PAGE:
Definitions of “Contemporary Art” seem to differ, depending on who is asked. Many museums and galleries maintain that the term describes all art produced since World War II, while many art historians maintain that 1970 (the beginning of Post-Modernism) was the point of inception. Some believe it coincides with only certain aesthetic styles, while others believe it is a generalization of all recent art. But regardless of any such attempt to define Contemporary Art, one thing is certain—it is, simply put, the art that is being made now.
Contemporary Art is more than a mere embrace of the present. It’s an aesthetic that reflects the current era. Rather than adhering to one distinct culture or standard, this style has its own set of rules and values, constantly challenging the status quo and all preconceived notions.
A good example of Contemporary Art is found in Frank Gehry’s Guggenheim Museum at Bilbao. Established in 1997, the monumental building has been celebrated as the cathedral of Contemporary Art. From its design, to its architecture, to the meaning of every detail, this museum has become the example of what Contemporary Art should strive to be. In this setting, the very idea can be understood as a general term for today’s art.
Of course, the most recognizable form echoes sentiments of mainstream modernism. Artists such as Richard Serra and Gerhard Richter, as well as Damien Hirst and Takashi Murakami, with their retro-sensationalism of figures, have embraced this particular means of expression. Yet there are various other modes, each of which is driven by a characteristic outlook, drawn to specific types of content.
Some contemporary artists seek to convey the ways in which neoliberal economics, globalizing capital, and neoconservative politics play a role in the world today. To do so, they often implement repetitions of avant-garde shock tactics—disturbing images, sounds or scents to create a desired effect. Damien Hirst once used a dead tiger shark preserved in a glass and steel tank of formaldehyde in The Physical Impossibility of Death in the Mind of Someone Living. Andres Serrano created a photograph of a crucifix submerged in his own urine in a piece entitled Piss Christ. Gottfried Helnwein painted his own version of the Adoration of the Magi, replacing Baby Jesus with Adolph Hitler. Essentially, these artists intend for the shock to act as commentary on the subject they are describing, yet many have criticized the power of shock, believing it to be unnecessary or offensive. Some critics have even stated that shock tactics do not qualify as “real art.” Still, many artists maintain that shock can serve as a preliminary to the actual object of discussion, which should always center around the state of Contemporary Art.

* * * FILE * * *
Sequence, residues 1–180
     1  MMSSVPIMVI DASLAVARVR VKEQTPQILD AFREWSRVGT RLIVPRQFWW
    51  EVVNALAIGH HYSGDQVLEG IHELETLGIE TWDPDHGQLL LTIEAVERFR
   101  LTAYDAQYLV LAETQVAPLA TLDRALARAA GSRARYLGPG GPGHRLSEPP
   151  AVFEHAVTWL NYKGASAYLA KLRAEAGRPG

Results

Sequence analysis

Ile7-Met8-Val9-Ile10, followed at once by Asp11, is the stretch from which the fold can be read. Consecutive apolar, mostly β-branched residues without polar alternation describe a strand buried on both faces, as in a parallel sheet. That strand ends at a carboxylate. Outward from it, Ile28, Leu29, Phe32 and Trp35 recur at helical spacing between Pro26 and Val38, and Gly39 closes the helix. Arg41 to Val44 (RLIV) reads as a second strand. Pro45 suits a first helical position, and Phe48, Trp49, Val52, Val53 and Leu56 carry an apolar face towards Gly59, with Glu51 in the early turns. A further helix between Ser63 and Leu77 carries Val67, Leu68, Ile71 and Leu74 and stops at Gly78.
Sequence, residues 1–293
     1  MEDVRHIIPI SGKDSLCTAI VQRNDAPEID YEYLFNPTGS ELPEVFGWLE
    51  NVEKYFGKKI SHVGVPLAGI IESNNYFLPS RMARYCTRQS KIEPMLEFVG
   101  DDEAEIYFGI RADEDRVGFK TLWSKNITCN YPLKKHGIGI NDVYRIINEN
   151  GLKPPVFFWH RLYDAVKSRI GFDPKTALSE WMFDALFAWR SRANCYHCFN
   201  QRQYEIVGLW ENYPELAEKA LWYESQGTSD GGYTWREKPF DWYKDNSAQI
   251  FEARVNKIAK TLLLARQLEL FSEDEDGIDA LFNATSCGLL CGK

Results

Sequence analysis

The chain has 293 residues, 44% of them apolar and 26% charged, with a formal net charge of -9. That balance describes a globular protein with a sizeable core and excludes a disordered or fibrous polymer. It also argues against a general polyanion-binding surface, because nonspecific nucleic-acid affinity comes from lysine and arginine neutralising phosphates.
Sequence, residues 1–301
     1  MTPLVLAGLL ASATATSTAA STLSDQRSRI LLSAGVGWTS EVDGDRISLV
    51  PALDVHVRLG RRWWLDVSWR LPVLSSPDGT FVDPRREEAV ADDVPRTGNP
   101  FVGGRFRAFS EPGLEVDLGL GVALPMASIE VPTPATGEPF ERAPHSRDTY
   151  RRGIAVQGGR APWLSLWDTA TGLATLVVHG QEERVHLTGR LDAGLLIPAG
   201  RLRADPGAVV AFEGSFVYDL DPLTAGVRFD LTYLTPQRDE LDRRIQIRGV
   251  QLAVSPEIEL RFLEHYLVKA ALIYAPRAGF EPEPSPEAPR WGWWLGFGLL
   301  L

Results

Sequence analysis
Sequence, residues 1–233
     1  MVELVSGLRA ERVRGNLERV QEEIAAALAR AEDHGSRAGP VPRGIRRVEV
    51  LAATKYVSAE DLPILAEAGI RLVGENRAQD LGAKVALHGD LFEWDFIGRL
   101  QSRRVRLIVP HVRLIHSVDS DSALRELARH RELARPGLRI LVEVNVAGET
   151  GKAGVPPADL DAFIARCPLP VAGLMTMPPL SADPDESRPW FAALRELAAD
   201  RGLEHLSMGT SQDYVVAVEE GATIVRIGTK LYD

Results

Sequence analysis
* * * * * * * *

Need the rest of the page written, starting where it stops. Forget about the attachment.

There has also been an onslaught of art shaped by local, national, independent, and anti-globalization values. Many contemporary artists believe their work serves as the ideal medium to convey messages of diversity and identity. Such artists create practices that rely on widespread public involvement, and lengthy presentations. They believe they could display global movements and trends throughout the world, and show how individuals are directly affected and influenced. This is commonly referred to as “interactive art,” and is generally an installation-based art that involves the spectator. Interactive artists believe that by involving the spectator, they can not only inform, but inspire new ways of thinking about the subject they present. Artists such as Carsten Höller, Minerva Cuevas, and Rafael Lozano-Hemme have found interactive art to be the ideal opportunity for innovation and ingenuity, often employing cutting-edge technologies and digital resources to create their ambitious participatory projects.
Lastly, some contemporary artists seek to capture the immediate fleeting moments, and to communicate the changing nature of time through their work. As the world continues to evolve, these artists believe it is their duty to find sustainable flows of survival, cooperation and growth. There is a deeper level of understanding that comes with the pictorial embodiment of the world’s turnings and life frictions, making this mode much more than an aesthetic achievement.
Contemporary Art is much more socially aware and involved than any previous aesthetic has been. Feminism, globalization, bio-engineering, multiculturalism—all have become primary subject matter that artists base their work around. In this respect, Contemporary Art is just as much an ideology as it is an aesthetic. Taking no definite form, with no absolutes in technique or style, it is open to interpretation. It is the art of today—bold, intense, powerful—with its own distinct culture and its own contextual discourse.